If you want to nail that job interview, you better get ready to spill the beans on all your past experiences. And no, we don't mean that one time you got drunk at the office Christmas party (unless of course, it's a hilarious, appropriate story).
But seriously, the hiring manager will want to know all the deets on how you handled different situations in the past. And don't worry, we've got your back. Just use the STAR technique, it's like a roadmap for answering those tricky questions. Trust us, it'll make you sound like a boss and have them begging to hire you.
So… What is the STAR technique?
The STAR method is a four-step approach to answering these questions:
But, wait! Which are the questions that really need a START response then?
If you want to ace that fancy schmancy competency-based interview, you better brush up on their job description skills. That's right, they're gonna ask about a time you showed off one of those competencies they listed. And trust me, they won't be impressed if you just wing it…
Most of these fancy-pants grad jobs are all about soft skills like talking the talk and walking the walk with your team and making deals like a pro. But don't worry, they'll also ask about your work experiences. If you ain't got none, don't sweat it, just talk about all the cool extracurricular activities you did, or the super awesome school projects you killed it on!
Yeah, we know… You still need to know how the STAR technique works…
It's like storytelling for adults, except this time, it's all about the difficult stuff and how you fixed it. And let me tell you, it's as easy as ABC...or should I say STAR. Ok, that’s enough. Here's an explanation of the meaning behind each of the four components of the technique:
Set the stage of the story by providing context and background information. If you're asked about teamwork, your response should contain details about the project, who you were working with, when you started the project, and where you were at the time.
Specify your particular role or participation in the scenario. Make ensure that the recruiting manager understands what you were expressly assigned to perform, as opposed to what the other candidates did.
This is most likely the most essential section of the story. You tell how you tackled the challenging scenario or solved the problem here. Indicate if you worked alone or as part of a group. What you're attempting to express is your appraisal of the scenario, your answer to the problem, and how you enlisted the help of the team.
Add as much information as you can so that the interviewer can understand you. Avoid buzzwords and company-specific lingo while doing so.
Finally, state the beneficial outcome of your efforts and the skills you learned. If applicable, quantify the outcomes and demonstrate the impact of your activities.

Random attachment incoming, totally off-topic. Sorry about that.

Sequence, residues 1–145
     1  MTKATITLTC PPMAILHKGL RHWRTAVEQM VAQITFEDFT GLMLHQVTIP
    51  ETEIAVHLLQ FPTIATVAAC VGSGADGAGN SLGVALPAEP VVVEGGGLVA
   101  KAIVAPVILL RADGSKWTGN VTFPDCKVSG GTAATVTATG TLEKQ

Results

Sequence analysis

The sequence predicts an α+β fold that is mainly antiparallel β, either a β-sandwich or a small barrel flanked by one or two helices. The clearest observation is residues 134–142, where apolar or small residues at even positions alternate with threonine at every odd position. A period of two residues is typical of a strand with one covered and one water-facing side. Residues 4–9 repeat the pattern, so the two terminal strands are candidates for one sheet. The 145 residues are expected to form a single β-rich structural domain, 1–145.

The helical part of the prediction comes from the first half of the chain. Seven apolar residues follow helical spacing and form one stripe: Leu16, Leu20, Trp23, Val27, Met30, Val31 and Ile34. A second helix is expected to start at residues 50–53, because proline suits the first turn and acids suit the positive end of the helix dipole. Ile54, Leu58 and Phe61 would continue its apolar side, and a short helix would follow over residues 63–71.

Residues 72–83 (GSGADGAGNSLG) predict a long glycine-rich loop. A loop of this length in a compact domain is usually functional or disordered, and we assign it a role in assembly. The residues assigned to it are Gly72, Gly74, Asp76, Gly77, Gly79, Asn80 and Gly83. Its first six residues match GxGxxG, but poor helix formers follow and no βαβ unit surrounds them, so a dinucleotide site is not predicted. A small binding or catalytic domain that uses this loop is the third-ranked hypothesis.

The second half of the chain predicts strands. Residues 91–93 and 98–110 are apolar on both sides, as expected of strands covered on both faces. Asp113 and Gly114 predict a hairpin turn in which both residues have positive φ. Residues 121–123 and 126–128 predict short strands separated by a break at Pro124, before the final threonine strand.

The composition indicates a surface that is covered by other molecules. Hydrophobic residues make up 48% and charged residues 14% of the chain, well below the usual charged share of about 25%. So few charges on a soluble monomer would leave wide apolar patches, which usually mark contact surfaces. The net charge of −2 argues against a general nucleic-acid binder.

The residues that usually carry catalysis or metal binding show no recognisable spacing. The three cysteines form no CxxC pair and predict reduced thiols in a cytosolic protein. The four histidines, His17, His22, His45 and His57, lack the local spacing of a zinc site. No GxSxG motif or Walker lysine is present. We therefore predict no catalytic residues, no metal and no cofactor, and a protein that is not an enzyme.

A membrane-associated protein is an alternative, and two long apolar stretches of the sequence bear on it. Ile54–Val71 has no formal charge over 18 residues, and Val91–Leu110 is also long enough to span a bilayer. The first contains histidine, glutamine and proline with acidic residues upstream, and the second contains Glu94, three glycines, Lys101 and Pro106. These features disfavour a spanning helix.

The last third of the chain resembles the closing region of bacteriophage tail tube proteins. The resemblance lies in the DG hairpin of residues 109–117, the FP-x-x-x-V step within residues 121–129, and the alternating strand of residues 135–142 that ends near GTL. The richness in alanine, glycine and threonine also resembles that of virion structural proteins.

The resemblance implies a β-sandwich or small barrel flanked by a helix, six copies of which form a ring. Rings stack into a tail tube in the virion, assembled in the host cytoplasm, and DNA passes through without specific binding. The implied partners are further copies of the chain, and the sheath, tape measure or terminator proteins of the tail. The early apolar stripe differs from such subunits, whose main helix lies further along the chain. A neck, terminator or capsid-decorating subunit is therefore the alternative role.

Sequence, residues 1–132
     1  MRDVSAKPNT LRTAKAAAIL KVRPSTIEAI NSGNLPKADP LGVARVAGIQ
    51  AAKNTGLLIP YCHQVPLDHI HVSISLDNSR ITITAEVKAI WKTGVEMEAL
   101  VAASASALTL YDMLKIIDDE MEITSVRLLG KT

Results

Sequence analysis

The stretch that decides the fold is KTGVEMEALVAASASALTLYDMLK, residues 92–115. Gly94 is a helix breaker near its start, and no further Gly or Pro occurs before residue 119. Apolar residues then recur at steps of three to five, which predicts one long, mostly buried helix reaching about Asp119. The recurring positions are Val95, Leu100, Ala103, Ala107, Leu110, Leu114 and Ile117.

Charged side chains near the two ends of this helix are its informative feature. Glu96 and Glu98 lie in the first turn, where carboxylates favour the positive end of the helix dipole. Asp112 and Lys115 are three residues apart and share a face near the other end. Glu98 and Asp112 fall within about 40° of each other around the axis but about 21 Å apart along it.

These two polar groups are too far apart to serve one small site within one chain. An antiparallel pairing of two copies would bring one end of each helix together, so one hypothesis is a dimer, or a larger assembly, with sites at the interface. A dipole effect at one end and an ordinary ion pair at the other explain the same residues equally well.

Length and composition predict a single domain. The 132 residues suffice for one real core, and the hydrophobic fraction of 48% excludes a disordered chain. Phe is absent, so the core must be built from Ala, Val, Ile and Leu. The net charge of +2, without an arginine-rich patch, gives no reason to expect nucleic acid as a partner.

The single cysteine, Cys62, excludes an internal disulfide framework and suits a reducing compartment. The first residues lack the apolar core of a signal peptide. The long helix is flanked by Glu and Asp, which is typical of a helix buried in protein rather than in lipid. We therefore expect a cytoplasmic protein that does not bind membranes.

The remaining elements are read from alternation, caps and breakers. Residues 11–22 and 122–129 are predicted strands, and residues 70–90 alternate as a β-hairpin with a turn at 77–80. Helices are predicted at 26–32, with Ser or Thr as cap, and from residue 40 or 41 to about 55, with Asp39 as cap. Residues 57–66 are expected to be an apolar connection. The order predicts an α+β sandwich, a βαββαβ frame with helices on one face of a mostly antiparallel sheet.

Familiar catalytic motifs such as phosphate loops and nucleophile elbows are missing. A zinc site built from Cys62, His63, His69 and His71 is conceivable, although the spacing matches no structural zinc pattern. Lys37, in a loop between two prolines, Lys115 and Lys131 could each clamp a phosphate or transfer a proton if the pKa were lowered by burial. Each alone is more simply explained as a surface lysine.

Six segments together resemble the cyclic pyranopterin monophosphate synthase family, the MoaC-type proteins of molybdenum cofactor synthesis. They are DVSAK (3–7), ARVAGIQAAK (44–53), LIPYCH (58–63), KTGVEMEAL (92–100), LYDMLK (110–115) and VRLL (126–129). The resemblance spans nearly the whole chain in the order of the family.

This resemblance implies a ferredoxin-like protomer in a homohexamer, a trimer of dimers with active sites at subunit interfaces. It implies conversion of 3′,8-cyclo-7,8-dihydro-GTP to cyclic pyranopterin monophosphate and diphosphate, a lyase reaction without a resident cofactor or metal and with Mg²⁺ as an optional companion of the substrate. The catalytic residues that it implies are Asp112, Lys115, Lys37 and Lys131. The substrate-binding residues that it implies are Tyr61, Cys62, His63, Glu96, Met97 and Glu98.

So now you are probably wondering: how do I answer interview questions using the STAR technique?
Sure, you never know what page you'll turn to next and what the exact question will be, but one thing's for sure: it's gonna be a doozy. Expect to flex your critical thinking muscles, show off your problem-solving prowess, prove that you're the ultimate pressure cooker, and regale the interviewer with tales of your conflict resolution conquests. Oh, and don't forget to mention that time you were in charge and led the team to victory (or at least, not total defeat)!
Once the big interview is confirmed, it's time to dig into that job posting like it's a big tub of ice cream. (Mmm, career opportunities...tasty.) Take a good look at the responsibilities and desired skills, and start brainstorming all the ways you're going to knock the socks off the interviewer.
And don't forget, a little self-reflection never hurt anyone. Take a stroll down memory lane and think about all the times you've saved the day at work. (You know, those moments where you single-handedly prevented the office from burning down, or brought the team back from the brink of certain doom.) Write 'em down, because trust me, those anecdotes are gold. It'll be like you're reading from your own personal hero's journey.
Ladies and gents, are you ready to shine like the STAR you are? It's like a secret weapon for acing those behavioral interview questions. The key is, to be honest, and don't be afraid to brag a little bit about your accomplishments.
When practicing your STAR stories, treat them like you are telling them to your grandma or grandpa. Keep it simple, sweet, and to the point. And don't worry about being overly dramatic, just make sure you get the important details in there.
Oh, and remember! Pick the best anecdotes from your most recent work experiences but if you have an old story that's still a classic, go ahead and use it. Don’t forget brevity is the soul of wit.
And STAR responses.